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Paternalism in economic garb: the embedded paternalism of social cost studies.

Social cost studies embed paternalism into the assumptions of the model, stifling democratic debate.

Eric Crampton

on 23 February 2012

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Transcript of Paternalism in economic garb: the embedded paternalism of social cost studies.

Hiding Nanny's Skirts
The embedded paternalism
of social cost studies

Dr. Eric Crampton
Department of Economics, University of Canterbury
Visiting Fellow, New Zealand Policy Unit, Centre for Independent Studies
We know what is best for you, your family, and your soul.

And we will make you choose it.
An Honest Paternalism
The modern approach
Or $36 billion, depending on who you ask
Alcohol costs the country $15 billion per year
Let's pretend the figures are usefully comparable
Alcohol excise revenues a third of alcohol's costs
Increase taxes, minimum pricing, opening hours, drinkers' licenses, nudges, soft paternalism...
So we must do something!
Economically meaningful measures of policy-relevant social cost must be net of benefits.

Collins & Lapsley present a "net" social cost figure...
Embedded paternalism
But they do it by assuming away any potential benefits!
"Thus, if the costs of substance use are to be classified as private costs, the following three conditions must be simultaneously satisfied:
1. The users are fully informed as to the costs which the substance use imposes upon themselves;
2. The users are required to bear the full (internal and external) costs of the consumption; and
3. The users make rational consumption decisions in the light of all the information available to them.
These requirements are extremely stringent, so stringent in fact that the conventional approach of treating all abuse costs as social costs is fully justified." - Single, Collins et al.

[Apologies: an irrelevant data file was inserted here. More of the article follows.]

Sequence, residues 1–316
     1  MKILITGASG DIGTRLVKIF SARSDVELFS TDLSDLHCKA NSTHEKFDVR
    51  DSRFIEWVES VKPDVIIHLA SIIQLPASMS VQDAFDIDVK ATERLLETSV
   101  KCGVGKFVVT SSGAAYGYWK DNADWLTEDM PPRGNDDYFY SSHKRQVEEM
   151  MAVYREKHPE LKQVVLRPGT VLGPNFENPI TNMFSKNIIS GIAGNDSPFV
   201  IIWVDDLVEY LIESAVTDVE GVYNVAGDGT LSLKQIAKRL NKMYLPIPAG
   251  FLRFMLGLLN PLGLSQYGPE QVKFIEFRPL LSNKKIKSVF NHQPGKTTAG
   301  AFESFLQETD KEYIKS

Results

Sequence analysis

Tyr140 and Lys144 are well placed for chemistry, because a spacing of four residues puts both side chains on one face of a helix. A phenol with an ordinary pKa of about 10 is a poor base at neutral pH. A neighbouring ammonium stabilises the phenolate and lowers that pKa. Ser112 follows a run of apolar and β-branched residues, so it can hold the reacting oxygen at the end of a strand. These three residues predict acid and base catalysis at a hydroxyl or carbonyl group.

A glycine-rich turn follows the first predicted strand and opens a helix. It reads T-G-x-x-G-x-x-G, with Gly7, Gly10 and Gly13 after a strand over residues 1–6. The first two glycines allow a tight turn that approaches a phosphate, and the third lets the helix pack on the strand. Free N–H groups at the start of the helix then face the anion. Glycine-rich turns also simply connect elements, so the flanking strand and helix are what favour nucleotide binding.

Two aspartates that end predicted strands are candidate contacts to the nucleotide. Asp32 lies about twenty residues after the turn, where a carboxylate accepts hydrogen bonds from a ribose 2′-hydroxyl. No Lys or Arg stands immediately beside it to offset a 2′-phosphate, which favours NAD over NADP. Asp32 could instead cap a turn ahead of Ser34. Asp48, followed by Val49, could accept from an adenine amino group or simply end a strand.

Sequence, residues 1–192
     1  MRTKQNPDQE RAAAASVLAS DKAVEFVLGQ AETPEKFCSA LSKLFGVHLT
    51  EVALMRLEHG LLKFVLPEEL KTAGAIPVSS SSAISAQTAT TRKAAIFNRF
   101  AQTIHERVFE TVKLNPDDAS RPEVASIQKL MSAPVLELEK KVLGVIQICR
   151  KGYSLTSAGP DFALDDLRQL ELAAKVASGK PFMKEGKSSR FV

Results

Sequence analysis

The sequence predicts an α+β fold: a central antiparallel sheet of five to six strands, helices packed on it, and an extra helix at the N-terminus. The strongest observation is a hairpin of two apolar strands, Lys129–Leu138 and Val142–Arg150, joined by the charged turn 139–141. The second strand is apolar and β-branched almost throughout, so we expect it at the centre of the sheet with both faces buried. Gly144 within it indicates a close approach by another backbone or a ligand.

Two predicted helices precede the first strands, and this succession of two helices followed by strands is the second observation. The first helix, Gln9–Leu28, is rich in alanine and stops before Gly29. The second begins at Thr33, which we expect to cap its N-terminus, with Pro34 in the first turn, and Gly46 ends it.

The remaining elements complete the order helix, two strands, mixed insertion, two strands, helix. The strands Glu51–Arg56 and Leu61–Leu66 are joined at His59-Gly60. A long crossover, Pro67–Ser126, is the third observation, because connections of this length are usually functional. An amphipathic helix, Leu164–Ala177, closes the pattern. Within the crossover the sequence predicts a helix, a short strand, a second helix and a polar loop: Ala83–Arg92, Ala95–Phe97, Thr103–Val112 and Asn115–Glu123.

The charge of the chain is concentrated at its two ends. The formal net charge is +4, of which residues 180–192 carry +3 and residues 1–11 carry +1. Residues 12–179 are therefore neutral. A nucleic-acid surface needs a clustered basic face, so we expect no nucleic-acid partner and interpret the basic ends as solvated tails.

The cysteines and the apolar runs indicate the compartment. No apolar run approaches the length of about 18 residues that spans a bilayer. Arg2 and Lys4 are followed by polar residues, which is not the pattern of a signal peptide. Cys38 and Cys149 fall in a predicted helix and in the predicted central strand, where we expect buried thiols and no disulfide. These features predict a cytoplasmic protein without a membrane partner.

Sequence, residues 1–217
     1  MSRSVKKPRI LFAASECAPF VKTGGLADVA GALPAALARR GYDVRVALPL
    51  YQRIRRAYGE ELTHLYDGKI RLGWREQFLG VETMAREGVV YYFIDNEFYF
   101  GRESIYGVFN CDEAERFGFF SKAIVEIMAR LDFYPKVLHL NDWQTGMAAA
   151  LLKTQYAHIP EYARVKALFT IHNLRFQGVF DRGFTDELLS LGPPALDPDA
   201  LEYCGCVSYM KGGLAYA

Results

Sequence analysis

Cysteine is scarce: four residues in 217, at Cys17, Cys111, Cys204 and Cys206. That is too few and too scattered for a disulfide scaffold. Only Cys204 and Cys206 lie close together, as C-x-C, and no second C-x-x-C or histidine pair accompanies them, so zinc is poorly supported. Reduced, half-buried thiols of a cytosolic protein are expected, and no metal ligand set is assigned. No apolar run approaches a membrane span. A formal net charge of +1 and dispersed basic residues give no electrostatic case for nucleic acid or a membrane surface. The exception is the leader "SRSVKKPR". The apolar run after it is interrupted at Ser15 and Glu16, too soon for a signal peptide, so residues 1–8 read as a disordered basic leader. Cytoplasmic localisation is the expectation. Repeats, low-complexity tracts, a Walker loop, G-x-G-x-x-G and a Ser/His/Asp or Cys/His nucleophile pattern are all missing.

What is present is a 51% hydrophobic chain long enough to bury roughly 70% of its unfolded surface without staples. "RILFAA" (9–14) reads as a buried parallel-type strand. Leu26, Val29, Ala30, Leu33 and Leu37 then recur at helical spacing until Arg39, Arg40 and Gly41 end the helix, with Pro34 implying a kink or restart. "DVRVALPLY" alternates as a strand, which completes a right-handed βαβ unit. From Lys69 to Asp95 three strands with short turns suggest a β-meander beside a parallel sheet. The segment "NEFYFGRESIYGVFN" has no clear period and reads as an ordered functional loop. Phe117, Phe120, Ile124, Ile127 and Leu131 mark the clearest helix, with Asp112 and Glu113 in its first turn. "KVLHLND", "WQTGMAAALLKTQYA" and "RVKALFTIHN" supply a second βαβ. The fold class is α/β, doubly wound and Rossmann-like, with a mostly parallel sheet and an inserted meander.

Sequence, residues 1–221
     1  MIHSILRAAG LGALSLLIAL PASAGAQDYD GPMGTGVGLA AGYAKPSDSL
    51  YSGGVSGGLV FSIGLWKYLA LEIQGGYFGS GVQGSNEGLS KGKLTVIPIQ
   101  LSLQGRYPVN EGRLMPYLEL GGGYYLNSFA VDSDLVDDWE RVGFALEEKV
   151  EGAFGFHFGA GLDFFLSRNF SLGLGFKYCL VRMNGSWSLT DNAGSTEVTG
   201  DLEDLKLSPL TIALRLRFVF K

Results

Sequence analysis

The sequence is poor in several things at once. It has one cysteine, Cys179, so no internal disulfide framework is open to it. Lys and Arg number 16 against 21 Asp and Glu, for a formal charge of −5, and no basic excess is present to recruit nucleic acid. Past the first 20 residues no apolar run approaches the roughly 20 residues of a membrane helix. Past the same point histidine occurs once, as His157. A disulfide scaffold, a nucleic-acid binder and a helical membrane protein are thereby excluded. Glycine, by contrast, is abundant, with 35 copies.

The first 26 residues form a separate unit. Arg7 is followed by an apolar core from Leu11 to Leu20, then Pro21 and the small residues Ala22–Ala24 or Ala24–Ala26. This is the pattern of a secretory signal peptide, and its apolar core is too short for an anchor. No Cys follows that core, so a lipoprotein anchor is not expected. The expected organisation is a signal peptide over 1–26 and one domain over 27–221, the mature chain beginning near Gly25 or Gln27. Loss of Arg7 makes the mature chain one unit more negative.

When private costs are deemed social...

$1.7 billion presumed spent by heavy or harmed drinkers;
About $4 billion in heavy drinkers' lowered life expectancy;
About $3.5 billion in heavy drinkers' reduced earnings from premature mortality;
A billion dollars in other car accident costs borne by the drink driver;
$300 million in prisoners' forgone earnings;
$400 million in drinkers' private spending on health care
But that's not all!
Double-counting of cost of lives lost with cost of forgone output
Questionable standards for "alcohol-caused crimes"
Implausible counterfactual earnings among prisoners
Healthcare: $1.6b (fiscal externality)
Crime: $1.1b
Road accidents: $0.7b
Labour costs: $0.2b
Loss of life: $0.2b
A more standard measure
Potentially plausible policy-relevant costs: $3.8b
"Alcohol abuse on its own costs the economy $15 billion a year - a massive cost to every single Australian and every single taxpayer."
- Bernard Ripoll, MP (Labor), 25 February 2009.
"Australia could save up to $15.3 billion a year if it cuts back on the booze"
- Courier Mail, 18 September 2008
"The annual social cost in Australia is estimated to be $15 billion. But there are greater economic costs to it as well. People do not go to work. People are injured."
- James Tournour, MP (Labor), 25 February 2009.
"the annual cost of the harm associated with drinking has now hit $15 billion and that's not to mention the lives lost."
- Julia Medew and Ian Munro, The Age 26 August 2009.
"the full financial burden of alcohol-related crime in Australia could be as much as $15 billion a year"
- NSW Police Commissioner Andrew Scipione cited by Steve Larkin, Sydney Morning Herald, 27 May 2008.
Fiscal Externalities
Basic economics:
Some externalities generate inefficiencies
Intervening to address externalities that aren't themselves inefficient generally induces inefficiency
Fiscal externalities:
Costs I impose on you through the tax system
Mostly a transfer, especially for inelastic goods
Little case for intervention
Remedying Fiscal Externalities
Identify all the margins and apply comprehensive taxes and subsidies
Very high transactions costs
Very intruisive

Abolish public health, give money to poor people, mandate private insurance.

Ignore them!
The timber of humanity is crooked
We all err, all the time, relative to a perfect rationality norm.
Cunning policy can exploit those imperfections to help us make "right" choices.

Behavioural economic theory is strongly contested.
But not so fast!
And who gets to decide what the "right choice" is anyway?
Lab versus Field
Regulators and nudgers are just as vulnerable to biased behaviour as the rest of us.
Comparative Institutional Analysis!
Only 5% of published articles in behavioural economics making policy recommendations considered policy-makers' potential biases.
Abyssmal track record
The more we expect the right choices to have been made for us, the less we learn to make choices.
Infantilisation and the abolition of agency
Full transcript